As Qatar threatens to cut off funds to Gaza, Israel is concerned that the move will lead to an eruption of violence.
Past experience has shown any delay of the aid had resulted in an immediate hike in tensions along the Israel-Gaza border.
Israeli officials are preparing for the repercussions of a possible financial crisis both on the border and in ongoing efforts to achieve a long-term ceasefire agreement with the ruling Hamas.
Both Hamas and Islamic Jihad representatives were in Cairo earlier this month, for talks on a possible five-year ceasefire deal with Israel.
A fatal blow to Gaza's economy could destabilize Hamas's hold on the enclave and bring about a renewal of hostilities.
Qatari special envoy Mohammed al-Emadi arrived in Gaza on Tuesday at the head of a delegation, to deliver 20 new firefighting trucks.
The visit was also reported to center around humanitarian projects promoted by Qatar.
Hamas leader Ismail Haniyeh, meanwhile, visited the emir of Qatar for talks as al-Emadi arrived in Gaza, but those discussions have not yet resulted in an announcement regarding any continued funding for the Strip.
Qatari aid to Gaza is due to run out at the end of the year. It has been keeping the Gaza economy afloat and has been propping up the Hamas government.
Aid has been flowing through two separate channels, the first being $400 million in infrastructure projects.
The second channel is an attempt to maintain an acceptable standard of living for Gazans and includes a monthly allowance for 70,000 families in need, salaries for Hamas government employees, job creation projects to combat the high unemployment rates for university graduates and paying for the petrol needed to keep Gaza's electric grid operational, which alone costs $30 million per month.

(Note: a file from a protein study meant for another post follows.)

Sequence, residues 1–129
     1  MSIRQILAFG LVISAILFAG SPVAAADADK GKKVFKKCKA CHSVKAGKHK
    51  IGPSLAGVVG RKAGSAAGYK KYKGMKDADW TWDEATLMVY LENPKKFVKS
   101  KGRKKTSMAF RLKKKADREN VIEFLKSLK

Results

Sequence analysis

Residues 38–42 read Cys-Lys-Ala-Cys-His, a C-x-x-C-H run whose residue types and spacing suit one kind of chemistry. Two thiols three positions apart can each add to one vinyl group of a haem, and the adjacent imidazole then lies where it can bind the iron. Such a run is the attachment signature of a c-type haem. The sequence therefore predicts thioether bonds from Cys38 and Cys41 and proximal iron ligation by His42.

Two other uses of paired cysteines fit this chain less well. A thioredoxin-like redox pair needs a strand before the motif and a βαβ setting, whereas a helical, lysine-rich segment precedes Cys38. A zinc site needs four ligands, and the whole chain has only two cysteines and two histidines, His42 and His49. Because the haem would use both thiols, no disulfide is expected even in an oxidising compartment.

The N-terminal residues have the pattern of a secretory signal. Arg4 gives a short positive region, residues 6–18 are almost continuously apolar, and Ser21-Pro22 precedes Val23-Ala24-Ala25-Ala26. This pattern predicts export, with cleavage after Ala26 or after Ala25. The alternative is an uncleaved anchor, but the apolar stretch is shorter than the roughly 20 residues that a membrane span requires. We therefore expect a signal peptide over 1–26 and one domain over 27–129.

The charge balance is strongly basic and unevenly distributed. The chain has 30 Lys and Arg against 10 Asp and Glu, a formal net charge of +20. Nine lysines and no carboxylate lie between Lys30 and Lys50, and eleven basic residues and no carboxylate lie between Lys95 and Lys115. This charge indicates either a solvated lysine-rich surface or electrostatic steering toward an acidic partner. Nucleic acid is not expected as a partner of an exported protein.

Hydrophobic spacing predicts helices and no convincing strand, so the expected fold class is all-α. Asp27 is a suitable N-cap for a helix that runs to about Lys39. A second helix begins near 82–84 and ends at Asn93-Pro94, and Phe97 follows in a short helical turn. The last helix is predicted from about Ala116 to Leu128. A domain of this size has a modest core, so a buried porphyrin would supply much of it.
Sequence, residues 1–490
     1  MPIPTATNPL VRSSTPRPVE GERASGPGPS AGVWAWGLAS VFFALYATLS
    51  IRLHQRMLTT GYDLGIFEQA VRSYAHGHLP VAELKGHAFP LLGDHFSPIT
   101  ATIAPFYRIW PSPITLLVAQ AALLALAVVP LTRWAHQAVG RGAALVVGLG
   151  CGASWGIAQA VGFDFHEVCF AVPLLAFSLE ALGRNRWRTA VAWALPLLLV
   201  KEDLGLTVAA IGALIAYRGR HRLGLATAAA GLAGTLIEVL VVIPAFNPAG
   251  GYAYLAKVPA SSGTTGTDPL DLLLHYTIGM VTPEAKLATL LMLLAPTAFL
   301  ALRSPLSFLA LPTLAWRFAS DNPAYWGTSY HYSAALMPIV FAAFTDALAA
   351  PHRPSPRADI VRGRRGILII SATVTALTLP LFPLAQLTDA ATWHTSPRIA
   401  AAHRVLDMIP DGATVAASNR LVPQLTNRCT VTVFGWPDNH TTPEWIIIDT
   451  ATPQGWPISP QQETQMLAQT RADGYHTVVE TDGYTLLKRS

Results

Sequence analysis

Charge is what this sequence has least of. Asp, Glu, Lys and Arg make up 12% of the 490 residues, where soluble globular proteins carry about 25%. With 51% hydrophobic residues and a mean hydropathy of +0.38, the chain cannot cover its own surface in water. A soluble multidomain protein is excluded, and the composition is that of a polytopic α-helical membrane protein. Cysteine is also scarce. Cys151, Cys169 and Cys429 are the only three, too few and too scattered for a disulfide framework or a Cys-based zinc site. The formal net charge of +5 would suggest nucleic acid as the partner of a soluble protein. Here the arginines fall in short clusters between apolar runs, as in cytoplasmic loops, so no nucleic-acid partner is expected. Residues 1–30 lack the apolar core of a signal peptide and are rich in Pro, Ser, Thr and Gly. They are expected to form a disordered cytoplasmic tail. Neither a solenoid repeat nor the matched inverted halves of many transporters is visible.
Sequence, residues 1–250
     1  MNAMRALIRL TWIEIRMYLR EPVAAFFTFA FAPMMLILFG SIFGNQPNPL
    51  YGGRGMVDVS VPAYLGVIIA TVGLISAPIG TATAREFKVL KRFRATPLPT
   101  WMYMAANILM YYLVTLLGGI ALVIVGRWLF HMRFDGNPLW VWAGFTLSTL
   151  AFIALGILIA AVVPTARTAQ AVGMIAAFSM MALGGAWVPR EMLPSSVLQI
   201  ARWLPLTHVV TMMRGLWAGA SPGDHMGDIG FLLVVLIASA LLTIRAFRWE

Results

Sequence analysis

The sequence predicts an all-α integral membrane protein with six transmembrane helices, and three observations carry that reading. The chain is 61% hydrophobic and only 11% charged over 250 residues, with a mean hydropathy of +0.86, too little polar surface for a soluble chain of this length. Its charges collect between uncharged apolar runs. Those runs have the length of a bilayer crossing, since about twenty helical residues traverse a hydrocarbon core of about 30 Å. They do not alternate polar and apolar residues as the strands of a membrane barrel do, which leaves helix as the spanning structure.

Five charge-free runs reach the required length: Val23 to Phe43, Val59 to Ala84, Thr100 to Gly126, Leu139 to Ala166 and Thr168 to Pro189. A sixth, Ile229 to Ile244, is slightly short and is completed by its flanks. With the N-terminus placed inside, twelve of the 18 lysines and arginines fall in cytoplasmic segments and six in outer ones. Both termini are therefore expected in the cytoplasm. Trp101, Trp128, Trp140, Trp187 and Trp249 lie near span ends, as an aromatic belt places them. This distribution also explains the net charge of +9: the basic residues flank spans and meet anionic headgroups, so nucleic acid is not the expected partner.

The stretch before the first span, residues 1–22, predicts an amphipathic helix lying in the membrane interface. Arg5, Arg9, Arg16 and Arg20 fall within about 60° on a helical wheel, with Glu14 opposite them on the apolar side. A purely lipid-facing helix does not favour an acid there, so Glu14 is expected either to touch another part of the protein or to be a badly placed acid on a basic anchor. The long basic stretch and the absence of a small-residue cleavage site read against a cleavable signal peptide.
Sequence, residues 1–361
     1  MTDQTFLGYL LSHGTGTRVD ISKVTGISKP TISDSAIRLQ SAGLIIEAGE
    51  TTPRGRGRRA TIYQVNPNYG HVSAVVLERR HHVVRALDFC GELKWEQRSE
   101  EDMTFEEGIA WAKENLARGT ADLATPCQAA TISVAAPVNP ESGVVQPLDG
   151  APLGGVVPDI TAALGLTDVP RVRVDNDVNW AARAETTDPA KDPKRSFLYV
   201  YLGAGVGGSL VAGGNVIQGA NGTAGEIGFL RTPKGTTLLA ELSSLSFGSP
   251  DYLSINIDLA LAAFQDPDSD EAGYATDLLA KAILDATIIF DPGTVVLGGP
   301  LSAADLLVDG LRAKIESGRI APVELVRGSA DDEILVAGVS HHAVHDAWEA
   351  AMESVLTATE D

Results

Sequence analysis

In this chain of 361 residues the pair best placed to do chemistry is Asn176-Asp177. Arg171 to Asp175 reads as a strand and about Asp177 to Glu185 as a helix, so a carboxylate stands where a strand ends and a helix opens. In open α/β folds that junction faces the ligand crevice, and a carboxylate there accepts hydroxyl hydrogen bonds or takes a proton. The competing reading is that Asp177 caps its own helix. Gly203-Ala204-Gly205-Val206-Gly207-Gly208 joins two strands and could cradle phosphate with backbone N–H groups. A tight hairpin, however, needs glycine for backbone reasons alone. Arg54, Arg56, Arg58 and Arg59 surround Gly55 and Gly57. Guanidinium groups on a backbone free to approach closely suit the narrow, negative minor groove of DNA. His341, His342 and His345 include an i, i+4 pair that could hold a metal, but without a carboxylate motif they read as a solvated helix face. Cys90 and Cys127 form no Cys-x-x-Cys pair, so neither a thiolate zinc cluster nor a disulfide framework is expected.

The first indication that Qatar may be reconsidering the aid to Gaza came last September when Doha began expressing discontent over relations between Hamas and Egypt. It is clear Qatar would like to see ties weakened between the two.
The leadership in Doha, which has backed the Qatar-based Khaled Mashal's leadership of Hamas over that of local Gaza leader Yahya Sinwar, are now conditioning aid on the group's agreement to join forces with the secular West Bank-based Fatah movement, ahead of the elections to the Palestinian Authority institutions.
Should aid to Gaza cease, the enclave will fall back to the depths of the economic depression of two years ago, when the PA stopped funding the Strip.
It was also the beginning of Hamas' violent "March of Return" campaign, which sees weekly protests on the Gaza-Israel border and was launched in part to enlist international aid.